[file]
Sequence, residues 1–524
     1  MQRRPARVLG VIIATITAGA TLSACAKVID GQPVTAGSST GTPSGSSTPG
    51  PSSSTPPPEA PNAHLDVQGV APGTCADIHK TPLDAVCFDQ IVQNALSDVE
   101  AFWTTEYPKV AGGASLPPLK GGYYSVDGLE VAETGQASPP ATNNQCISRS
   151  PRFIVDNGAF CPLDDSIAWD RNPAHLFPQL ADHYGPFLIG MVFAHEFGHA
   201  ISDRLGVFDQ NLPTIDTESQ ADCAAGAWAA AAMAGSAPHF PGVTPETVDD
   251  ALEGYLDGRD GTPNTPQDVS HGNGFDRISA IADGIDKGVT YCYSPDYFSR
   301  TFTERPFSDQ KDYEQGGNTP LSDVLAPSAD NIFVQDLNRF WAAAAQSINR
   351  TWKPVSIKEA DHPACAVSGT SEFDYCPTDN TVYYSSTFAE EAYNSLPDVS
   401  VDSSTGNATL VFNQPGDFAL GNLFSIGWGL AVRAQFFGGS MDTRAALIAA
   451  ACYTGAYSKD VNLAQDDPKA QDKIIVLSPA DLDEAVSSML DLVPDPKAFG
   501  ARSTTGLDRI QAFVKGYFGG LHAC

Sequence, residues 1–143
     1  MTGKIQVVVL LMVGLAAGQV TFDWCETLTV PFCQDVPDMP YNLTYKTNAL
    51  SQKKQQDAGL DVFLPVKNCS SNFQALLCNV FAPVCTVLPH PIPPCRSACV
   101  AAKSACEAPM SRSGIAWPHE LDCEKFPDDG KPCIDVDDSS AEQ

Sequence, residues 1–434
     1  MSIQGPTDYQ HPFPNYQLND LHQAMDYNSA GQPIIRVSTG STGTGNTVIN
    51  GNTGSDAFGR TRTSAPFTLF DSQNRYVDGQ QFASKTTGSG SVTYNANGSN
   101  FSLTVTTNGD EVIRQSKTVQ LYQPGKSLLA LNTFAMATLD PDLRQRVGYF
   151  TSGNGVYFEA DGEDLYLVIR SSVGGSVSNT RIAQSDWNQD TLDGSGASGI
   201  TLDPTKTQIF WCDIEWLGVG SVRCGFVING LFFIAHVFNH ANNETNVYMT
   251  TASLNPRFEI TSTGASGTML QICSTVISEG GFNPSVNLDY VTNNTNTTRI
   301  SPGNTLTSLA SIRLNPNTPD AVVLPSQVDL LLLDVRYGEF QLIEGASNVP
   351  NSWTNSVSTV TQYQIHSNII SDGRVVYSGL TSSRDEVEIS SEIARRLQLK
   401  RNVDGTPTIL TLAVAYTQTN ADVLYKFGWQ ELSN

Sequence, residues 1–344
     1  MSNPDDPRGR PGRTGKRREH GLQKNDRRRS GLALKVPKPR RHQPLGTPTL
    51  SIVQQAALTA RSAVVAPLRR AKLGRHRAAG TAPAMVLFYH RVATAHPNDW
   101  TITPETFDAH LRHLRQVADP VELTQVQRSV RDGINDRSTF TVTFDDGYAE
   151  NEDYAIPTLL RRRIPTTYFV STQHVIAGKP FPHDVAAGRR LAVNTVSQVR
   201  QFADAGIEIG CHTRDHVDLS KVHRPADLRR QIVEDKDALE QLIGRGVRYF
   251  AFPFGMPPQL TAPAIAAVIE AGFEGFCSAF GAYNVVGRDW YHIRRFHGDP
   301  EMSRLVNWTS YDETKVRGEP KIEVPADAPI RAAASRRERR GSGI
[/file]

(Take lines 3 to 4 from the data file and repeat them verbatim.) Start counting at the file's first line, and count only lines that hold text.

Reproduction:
    51  PSSSTPPPEA PNAHLDVQGV APGTCADIHK TPLDAVCFDQ IVQNALSDVE
   101  AFWTTEYPKV AGGASLPPLK GGYYSVDGLE VAETGQASPP ATNNQCISRS